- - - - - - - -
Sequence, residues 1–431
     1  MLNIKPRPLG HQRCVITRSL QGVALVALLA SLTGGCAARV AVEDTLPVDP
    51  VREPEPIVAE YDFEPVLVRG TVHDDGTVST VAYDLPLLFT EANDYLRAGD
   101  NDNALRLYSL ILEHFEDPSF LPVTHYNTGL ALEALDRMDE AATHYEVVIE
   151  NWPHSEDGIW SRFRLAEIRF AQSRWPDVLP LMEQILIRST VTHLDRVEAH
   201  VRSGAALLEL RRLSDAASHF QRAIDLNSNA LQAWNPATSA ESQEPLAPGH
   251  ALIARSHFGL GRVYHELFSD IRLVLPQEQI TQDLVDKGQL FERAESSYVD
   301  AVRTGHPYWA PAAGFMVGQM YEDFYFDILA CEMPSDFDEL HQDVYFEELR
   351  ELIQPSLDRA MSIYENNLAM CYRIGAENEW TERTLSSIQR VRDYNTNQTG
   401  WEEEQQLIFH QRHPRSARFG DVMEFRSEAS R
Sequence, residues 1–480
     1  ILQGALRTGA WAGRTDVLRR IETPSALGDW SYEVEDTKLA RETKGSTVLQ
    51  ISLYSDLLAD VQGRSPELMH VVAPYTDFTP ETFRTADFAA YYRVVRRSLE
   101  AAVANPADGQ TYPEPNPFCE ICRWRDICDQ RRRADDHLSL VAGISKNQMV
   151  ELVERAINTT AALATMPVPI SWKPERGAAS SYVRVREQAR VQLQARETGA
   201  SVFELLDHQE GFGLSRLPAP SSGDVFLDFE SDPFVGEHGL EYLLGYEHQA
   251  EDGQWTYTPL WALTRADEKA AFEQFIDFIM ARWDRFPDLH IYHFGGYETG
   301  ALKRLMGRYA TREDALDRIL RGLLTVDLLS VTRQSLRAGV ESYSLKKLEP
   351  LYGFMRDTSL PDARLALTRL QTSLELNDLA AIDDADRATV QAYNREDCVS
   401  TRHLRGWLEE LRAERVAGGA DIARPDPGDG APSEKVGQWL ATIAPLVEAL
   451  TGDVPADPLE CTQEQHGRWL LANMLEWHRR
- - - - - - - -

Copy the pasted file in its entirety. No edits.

Sequence, residues 1–431
     1  MLNIKPRPLG HQRCVITRSL QGVALVALLA SLTGGCAARV AVEDTLPVDP
    51  VREPEPIVAE YDFEPVLVRG TVHDDGTVST VAYDLPLLFT EANDYLRAGD
   101  NDNALRLYSL ILEHFEDPSF LPVTHYNTGL ALEALDRMDE AATHYEVVIE
   151  NWPHSEDGIW SRFRLAEIRF AQSRWPDVLP LMEQILIRST VTHLDRVEAH
   201  VRSGAALLEL RRLSDAASHF QRAIDLNSNA LQAWNPATSA ESQEPLAPGH
   251  ALIARSHFGL GRVYHELFSD IRLVLPQEQI TQDLVDKGQL FERAESSYVD
   301  AVRTGHPYWA PAAGFMVGQM YEDFYFDILA CEMPSDFDEL HQDVYFEELR
   351  ELIQPSLDRA MSIYENNLAM CYRIGAENEW TERTLSSIQR VRDYNTNQTG
   401  WEEEQQLIFH QRHPRSARFG DVMEFRSEAS R
Sequence, residues 1–480
     1  ILQGALRTGA WAGRTDVLRR IETPSALGDW SYEVEDTKLA RETKGSTVLQ
    51  ISLYSDLLAD VQGRSPELMH VVAPYTDFTP ETFRTADFAA YYRVVRRSLE
   101  AAVANPADGQ TYPEPNPFCE ICRWRDICDQ RRRADDHLSL VAGISKNQMV
   151  ELVERAINTT AALATMPVPI SWKPERGAAS SYVRVREQAR VQLQARETGA
   201  SVFELLDHQE GFGLSRLPAP SSGDVFLDFE SDPFVGEHGL EYLLGYEHQA
   251  EDGQWTYTPL WALTRADEKA AFEQFIDFIM ARWDRFPDLH IYHFGGYETG
   301  ALKRLMGRYA TREDALDRIL RGLLTVDLLS VTRQSLRAGV ESYSLKKLEP
   351  LYGFMRDTSL PDARLALTRL QTSLELNDLA AIDDADRATV QAYNREDCVS
   401  TRHLRGWLEE LRAERVAGGA DIARPDPGDG APSEKVGQWL ATIAPLVEAL
   451  TGDVPADPLE CTQEQHGRWL LANMLEWHRR